It has sometimes given cause for comment that such experiences did not see the end of wartime flying for RAF pilots. Anything but. Learoyd continued to fly operationally with bomber command, eventually commanding No 44 squadron, which was the first unit to be equipped with the famous four- engined Lancaster bomber.
Like many of those who won the VC, he did not appear to be a particularly likely candidate for that supreme honour. After being educated at Wellington, he pottered about for a few years before taking a short service commission in the Royal Air Force and being posted to bomber command. Operational from the outbreak of war, he soon established a reputation for professional expertise and outstanding determination in locating and attacking heavily defended targets. But he was not an obviously notable or inspirational leader. He was a quiet and reserved man but also a friendly and comradely one. A good man at a party, but never allowing social life to interrupt his fighting career. Even after the award of the VC he gave no hint of conceit or self- importance.
After surviving the war Learoyd retired to civilian life, first as a VIP pilot and later as an export sales manager in the motor industry.
Roderick Alastair Brook Learoyd, air force officer: born Folkestone 5 February 1913; VC 1940; died 24 January 1996.
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FRASER Ian Edward
[ London Gazette, 13 November 1945 ], Jahore Straits, Singapore, 31 July 1945, Lieutenant Ian Edward Fraser DSC, Royal Naval Reserve.
Lieutenant Fraser commanded His Majesty's Midget Submarine XE-3 in a successful attack on a Japanese heavy cruiser of the Atago class at her moorings in Johore Strait, Singapore, on 31st July 1945.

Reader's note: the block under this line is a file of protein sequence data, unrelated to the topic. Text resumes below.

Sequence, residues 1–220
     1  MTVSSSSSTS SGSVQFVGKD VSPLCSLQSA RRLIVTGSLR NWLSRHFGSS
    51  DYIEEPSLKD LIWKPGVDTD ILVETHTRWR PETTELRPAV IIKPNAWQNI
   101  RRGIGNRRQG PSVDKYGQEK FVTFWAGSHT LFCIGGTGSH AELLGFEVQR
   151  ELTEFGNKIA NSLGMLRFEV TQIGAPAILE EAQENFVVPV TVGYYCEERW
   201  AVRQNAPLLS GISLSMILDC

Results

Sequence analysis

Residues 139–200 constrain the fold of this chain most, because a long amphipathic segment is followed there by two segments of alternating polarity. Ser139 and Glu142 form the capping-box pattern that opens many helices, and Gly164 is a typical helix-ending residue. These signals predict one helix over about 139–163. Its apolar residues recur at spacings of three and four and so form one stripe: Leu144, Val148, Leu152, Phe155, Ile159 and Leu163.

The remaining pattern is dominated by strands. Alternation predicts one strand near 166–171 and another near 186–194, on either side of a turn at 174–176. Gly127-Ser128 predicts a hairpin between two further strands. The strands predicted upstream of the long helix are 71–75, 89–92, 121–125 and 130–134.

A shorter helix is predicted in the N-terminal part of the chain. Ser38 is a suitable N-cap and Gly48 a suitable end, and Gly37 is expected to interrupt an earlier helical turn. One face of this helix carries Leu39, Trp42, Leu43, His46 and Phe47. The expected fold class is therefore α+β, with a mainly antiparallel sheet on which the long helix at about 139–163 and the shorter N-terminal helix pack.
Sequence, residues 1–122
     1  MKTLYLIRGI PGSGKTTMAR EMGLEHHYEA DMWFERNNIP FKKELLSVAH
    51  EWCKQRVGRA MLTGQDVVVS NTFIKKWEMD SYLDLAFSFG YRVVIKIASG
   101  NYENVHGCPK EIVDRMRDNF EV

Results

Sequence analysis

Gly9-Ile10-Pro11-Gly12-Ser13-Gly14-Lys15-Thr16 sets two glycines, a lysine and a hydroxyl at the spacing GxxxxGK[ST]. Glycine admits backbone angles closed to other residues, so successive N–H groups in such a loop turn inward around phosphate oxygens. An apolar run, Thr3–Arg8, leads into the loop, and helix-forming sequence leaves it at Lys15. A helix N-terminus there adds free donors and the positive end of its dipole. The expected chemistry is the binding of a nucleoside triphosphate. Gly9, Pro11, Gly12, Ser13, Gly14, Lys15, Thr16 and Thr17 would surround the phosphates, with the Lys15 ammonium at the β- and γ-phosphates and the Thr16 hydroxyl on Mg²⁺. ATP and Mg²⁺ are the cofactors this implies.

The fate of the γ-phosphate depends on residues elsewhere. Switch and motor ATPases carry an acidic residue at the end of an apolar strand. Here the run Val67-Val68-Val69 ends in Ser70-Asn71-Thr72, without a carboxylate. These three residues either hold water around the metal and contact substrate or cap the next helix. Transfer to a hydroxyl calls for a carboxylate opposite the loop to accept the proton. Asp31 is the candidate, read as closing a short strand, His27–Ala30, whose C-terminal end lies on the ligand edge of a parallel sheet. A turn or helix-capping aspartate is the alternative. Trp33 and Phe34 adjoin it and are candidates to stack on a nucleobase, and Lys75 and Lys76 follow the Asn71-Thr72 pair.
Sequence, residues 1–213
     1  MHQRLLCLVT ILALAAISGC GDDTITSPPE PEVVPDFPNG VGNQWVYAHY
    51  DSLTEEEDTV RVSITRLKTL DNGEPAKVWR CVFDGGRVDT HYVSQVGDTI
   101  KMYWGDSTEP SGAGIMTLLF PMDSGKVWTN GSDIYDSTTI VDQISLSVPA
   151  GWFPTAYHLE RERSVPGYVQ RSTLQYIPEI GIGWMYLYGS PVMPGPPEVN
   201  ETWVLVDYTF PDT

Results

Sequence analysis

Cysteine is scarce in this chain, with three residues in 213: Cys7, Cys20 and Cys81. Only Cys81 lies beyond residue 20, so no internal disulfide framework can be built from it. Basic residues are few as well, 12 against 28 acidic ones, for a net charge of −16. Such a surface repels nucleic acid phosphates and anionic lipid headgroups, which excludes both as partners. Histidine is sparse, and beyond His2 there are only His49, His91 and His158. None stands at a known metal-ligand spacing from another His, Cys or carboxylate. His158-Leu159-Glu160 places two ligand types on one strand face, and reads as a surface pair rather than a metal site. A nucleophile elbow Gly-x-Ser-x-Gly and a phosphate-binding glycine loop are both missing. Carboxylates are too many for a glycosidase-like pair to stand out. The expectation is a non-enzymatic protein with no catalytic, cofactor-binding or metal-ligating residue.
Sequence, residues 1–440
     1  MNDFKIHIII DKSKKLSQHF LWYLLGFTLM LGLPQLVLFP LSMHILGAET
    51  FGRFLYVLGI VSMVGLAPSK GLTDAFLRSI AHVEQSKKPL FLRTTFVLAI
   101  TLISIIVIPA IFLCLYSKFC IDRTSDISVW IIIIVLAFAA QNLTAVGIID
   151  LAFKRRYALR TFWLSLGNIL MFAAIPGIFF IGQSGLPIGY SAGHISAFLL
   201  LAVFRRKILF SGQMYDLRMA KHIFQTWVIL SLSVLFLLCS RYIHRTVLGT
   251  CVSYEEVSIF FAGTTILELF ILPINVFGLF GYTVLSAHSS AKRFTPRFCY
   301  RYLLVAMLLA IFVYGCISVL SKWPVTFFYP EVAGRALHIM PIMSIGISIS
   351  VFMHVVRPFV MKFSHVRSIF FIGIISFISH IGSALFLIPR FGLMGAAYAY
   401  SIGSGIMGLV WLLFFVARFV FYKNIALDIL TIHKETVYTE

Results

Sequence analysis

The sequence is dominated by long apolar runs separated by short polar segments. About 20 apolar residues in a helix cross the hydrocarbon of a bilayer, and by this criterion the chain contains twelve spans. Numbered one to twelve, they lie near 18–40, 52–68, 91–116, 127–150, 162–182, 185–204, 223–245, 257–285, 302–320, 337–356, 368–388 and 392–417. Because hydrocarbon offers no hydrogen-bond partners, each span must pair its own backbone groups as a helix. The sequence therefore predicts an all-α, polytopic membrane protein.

During the long approach up the Singapore Straits XE-3 deliberately left the believed safe channel and entered mined waters to avoid suspected hydrophone posts. The target was aground, or nearly aground, both fore and aft, and only under the Midship portion was there just sufficient water for XE-3 to place herself under the cruiser. For forty minutes XE-3 pushed her way along the seabed until finally Lieutenant Fraser managed to force her right under the centre of the cruiser. Here he placed the limpets and dropped his main side charge. Great difficulty was experienced in extricating the craft after the attack had been completed, but finally XE-3 was clear, and commenced her long return journey out to sea.
The courage and determination of Lieutenant Fraser are beyond all praise. Any man not possessed of his relentless determination to achieve his object in full, regardless of all consequences, would have dropped his side charge alongside the target instead of persisting until he had forced his submarine right under the cruiser. The approach and withdrawal entailed a passage of 80 miles through water which had been mined by both the enemy and ourselves, past hydrophone positions, over loops and controlled minefields, and through an anti-submarine boom.
( Lieutenant Fraser's other crew member in the midget submarine was Leading Seaman James Magennis, Royal Navy, who was also awarded the Victoria Cross ).
Ian Fraser and James Magennis were invested with their Victoria Crosses by King George VI at Buckingham Palace on the 11th December 1945.
Ian Fraser's and James Magennis's Victoria Cross groups are included in the Lord Ashcroft VC Collection and will be on display at the new Ashcroft Gallery at the Imperial War Museum, planned to be opened in 2010.
Information from http://www.victoriacross.org.uk/vcross.htm